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SIXTY-SECOND REPORT OF PROGRESS IN ORTHOPEDIC SURGERY

JOHN G. KUHNS, M.D.; EDWIN F. CAVE, M.D.; SUMNER M. ROBERTS, M.D.; JOSEPH S. BARR, M.D.; ROBERT J. JOPLIN, M.D.; JOSEPH A. FREIBERG, M.D.; JOSEPH E. MILGRAM, M.D.; ROBERT I. STERLING, F.R.C.S. (Edin.)
Arch Surg. 1937;34(5):957-976. doi:10.1001/archsurg.1937.01190110200013.
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CONGENITAL DEFORMITIES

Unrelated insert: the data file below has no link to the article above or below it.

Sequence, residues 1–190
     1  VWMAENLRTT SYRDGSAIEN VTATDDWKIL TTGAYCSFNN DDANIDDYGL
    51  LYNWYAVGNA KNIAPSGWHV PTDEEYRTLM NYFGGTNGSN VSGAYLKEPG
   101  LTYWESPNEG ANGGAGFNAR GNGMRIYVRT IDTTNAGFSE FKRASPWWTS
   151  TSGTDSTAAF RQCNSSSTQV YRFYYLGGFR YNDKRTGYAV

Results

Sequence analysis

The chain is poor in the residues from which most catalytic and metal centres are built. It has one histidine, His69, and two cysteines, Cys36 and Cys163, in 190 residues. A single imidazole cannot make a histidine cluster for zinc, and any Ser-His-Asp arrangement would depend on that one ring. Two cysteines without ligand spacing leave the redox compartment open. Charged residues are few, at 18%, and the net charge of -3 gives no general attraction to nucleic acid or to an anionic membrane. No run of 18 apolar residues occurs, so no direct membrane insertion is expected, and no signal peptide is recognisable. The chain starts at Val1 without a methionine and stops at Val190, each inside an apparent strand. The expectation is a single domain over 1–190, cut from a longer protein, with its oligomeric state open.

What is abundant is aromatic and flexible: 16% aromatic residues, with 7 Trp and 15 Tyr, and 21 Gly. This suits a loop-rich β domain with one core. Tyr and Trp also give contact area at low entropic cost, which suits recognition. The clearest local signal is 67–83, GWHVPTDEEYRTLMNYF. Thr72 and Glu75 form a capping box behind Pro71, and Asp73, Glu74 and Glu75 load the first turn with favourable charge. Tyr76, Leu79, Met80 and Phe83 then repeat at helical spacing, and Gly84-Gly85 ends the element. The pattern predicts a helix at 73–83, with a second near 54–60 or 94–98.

Congenital Dislocation of the Hip.  —Bauer1 condemns the treatment of congenital dislocation of the hip by a plaster cast, maintaining that there is no growth in the joints during such fixation. Even if immediately after such treatment the function seems good, arthritis or subluxation occurs later. He is of the opinion that early recognition of the condition can be made, i. e., in the fourth to the eighth week, by observing the posture of the infant. At this age replacement is secured without an anesthetic, and the position is maintained by the application of a webbing brace so arranged that the knees are drawn apart by attaching them to a band around the lower part of the thorax. Natural mobility is unhindered, only adduction and extension of the hip being prevented, and very good musculature develops, especially around the hip. The result of the treatment in all

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